Cost-sharing programs use to be "somewhat of a new concept, but I think the fact that it has been established for 20 years, it has taken people a while to see it as a viable option."
Samaritan Ministries has about 35,000 households or families representing about 115,000 individuals, and Hopp said they've seen their net growth hover around 18 to 24 percent in the last few years. Hopp said Samaritan Ministries is one of three Christian-oriented cost-sharing programs.
Liberty HealthShare, while based on a religious tradition, more loosely adheres to a set of shared beliefs that it asks its members to have without specifying religion.
"We are just simply making ourselves available to like-minded Americans so long as they agree with our shared beliefs. Whereas the other groups do require you be active Christian, we just simply say, 'Here’s our set of shared beliefs,'" Liberty HealthShare Executive Director Dale Bellis said.
Bellis said he believes Obamacare has been a driver in such cost-sharing programs.
"The Affordable Care Act obviously has raised awareness regarding health costs but also options and opportunities for ways to do so on a grassroots level. That’s really what Liberty HealthShare represents," Bellis said.
'The Financial Part Is Just the Tip of the Iceberg'
Hopp said it's not just religious or political factors that have people turning to a cost-sharing program either.
"More and more people are questioning where their health care dollars are being sent," he said. "There’s no way to know."
With Samaritan Health Ministries, members know exactly where their money is going, because they write a check to a specific person each month. For some people, he thinks, this personal support aspect is attractive for sharing programs.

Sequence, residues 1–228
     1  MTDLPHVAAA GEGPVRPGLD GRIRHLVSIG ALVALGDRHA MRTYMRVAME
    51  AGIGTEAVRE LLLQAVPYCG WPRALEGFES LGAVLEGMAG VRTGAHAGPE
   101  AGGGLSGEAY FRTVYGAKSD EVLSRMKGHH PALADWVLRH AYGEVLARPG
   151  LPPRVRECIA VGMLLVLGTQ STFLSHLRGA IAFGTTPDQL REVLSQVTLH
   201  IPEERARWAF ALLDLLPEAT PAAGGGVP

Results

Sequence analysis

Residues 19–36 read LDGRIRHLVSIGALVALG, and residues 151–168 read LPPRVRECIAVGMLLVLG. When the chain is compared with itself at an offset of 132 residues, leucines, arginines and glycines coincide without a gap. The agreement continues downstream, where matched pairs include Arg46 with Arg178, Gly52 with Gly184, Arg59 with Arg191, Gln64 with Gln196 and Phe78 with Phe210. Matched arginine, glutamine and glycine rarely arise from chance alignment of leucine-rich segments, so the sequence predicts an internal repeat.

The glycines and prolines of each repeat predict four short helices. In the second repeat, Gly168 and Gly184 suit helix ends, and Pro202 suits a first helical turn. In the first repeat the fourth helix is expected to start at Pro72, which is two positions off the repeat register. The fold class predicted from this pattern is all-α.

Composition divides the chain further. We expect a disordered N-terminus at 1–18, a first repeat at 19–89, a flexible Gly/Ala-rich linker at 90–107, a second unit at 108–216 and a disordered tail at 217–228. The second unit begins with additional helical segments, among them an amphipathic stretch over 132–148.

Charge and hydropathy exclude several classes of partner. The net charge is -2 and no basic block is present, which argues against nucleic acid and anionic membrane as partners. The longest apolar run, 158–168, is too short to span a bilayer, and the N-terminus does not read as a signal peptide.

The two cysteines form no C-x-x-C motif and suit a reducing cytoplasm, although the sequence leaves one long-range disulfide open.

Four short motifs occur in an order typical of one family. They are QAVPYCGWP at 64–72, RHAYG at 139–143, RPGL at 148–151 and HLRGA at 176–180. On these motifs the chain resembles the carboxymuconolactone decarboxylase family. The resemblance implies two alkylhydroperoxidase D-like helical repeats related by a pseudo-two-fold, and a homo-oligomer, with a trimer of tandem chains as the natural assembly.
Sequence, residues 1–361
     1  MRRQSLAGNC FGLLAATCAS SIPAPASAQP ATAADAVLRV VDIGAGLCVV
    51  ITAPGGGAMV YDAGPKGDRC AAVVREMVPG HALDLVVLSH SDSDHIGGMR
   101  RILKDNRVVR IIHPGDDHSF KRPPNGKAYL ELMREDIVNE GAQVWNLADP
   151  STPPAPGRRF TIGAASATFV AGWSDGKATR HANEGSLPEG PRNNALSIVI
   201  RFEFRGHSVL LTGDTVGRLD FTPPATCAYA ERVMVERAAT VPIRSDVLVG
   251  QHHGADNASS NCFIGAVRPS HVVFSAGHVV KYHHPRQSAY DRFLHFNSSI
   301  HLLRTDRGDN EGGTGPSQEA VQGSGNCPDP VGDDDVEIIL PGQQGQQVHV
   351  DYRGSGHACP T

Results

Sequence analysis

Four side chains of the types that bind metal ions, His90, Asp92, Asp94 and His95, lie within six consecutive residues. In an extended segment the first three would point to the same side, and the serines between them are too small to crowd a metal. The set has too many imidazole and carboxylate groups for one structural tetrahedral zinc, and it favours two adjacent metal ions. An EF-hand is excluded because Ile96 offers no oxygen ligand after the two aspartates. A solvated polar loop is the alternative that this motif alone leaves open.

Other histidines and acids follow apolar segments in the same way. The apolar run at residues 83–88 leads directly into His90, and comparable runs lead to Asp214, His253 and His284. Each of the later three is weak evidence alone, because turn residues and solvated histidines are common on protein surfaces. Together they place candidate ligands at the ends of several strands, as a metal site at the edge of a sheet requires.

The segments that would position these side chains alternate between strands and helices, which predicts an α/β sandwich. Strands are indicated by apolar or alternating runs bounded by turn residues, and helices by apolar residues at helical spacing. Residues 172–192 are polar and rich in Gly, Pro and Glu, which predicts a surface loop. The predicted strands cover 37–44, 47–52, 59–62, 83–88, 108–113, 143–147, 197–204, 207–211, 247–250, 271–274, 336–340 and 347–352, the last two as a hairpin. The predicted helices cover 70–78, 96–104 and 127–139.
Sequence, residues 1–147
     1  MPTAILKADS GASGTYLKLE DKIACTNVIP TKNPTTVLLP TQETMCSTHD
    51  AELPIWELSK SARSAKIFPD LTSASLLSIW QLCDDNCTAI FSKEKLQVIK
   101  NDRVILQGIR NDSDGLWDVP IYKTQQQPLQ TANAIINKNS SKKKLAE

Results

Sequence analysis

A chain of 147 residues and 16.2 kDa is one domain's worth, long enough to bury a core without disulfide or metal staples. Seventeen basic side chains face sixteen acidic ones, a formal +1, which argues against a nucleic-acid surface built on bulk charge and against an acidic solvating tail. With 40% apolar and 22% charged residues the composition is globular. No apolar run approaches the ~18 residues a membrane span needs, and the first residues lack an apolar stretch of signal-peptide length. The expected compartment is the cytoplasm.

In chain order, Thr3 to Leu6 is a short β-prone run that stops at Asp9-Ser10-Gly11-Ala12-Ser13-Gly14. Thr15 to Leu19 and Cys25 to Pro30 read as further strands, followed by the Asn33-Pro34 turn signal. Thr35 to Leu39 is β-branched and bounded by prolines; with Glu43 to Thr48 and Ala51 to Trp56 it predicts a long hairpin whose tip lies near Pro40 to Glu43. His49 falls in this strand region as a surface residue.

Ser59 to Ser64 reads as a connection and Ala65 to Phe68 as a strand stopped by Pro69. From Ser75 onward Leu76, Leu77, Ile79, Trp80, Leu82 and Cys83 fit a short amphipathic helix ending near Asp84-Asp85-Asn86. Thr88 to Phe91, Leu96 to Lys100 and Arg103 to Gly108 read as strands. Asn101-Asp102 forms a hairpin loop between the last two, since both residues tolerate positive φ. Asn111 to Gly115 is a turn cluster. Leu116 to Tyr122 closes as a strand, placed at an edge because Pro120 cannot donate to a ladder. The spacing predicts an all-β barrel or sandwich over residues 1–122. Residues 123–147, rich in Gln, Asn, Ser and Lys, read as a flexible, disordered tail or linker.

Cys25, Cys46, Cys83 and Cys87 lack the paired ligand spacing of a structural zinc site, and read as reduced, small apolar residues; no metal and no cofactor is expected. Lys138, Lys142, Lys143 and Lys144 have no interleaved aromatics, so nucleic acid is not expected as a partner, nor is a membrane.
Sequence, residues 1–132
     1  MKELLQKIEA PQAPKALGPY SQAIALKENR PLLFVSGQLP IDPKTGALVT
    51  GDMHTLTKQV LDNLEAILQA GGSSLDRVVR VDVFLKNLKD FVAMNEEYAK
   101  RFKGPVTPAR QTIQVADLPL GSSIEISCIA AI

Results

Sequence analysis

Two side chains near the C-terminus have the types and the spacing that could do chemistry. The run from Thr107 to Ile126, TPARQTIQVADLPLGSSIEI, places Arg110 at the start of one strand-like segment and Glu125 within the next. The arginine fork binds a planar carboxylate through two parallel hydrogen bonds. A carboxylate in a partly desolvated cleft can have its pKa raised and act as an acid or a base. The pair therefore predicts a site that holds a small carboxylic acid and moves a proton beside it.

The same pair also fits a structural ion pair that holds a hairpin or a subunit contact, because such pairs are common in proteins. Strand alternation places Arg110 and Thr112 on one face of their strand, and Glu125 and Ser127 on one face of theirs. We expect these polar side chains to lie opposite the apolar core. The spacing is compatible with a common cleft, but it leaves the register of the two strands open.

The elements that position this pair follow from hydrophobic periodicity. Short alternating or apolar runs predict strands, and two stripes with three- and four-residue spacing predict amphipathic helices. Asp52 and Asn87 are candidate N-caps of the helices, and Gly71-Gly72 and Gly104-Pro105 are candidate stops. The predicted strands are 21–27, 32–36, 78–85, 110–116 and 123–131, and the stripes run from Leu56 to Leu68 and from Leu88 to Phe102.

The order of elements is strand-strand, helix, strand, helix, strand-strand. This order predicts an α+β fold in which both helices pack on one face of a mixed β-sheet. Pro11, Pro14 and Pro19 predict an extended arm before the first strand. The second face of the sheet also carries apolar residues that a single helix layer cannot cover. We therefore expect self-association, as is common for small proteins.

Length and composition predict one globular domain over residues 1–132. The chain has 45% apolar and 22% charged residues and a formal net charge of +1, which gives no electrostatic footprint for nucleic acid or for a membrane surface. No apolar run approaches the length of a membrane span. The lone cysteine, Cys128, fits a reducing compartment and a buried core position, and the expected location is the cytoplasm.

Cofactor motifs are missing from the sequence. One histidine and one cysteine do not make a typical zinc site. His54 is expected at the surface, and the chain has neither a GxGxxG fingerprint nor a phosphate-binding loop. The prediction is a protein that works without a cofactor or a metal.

"I’m writing a check directly to another Samaritan member, I feel good about that," Hopp said. "The financial part is just tip of iceberg. The concept, the intent is to go much deeper than just financial need. Our members are sending cards, notes of encouragement. Community is what makes this whole thing spin."
But Hopp pointed out that even if the demand of such cost-sharing programs increases as people seek options outside of traditional health care for whatever reason, new programs will not be started due to a provision preventing them in the Affordable Care Act.
Cost-sharing programs, like Samaritan Ministries and Liberty HealthShare, were an exemption because they were in operation before Dec. 31, 1999. Bellis speculated that keeping cost-sharing programs "as limited as possible … would seem to be the motivation" of the government setting this date.
As for the Robinsons, they plan to stick with Samaritan Ministries for now and hope to continue in the future, even if her husband's job takes them elsewhere where traditional insurance options are available.
"We really want to talk to his next employer, want to talk about insurance, because we want to stay on cost-sharing. We like to know where our money is," Robinson said.
Front page image via Gil C/Shutterstock
This story has been updated to correct Samaritan Ministries name and to add clarification.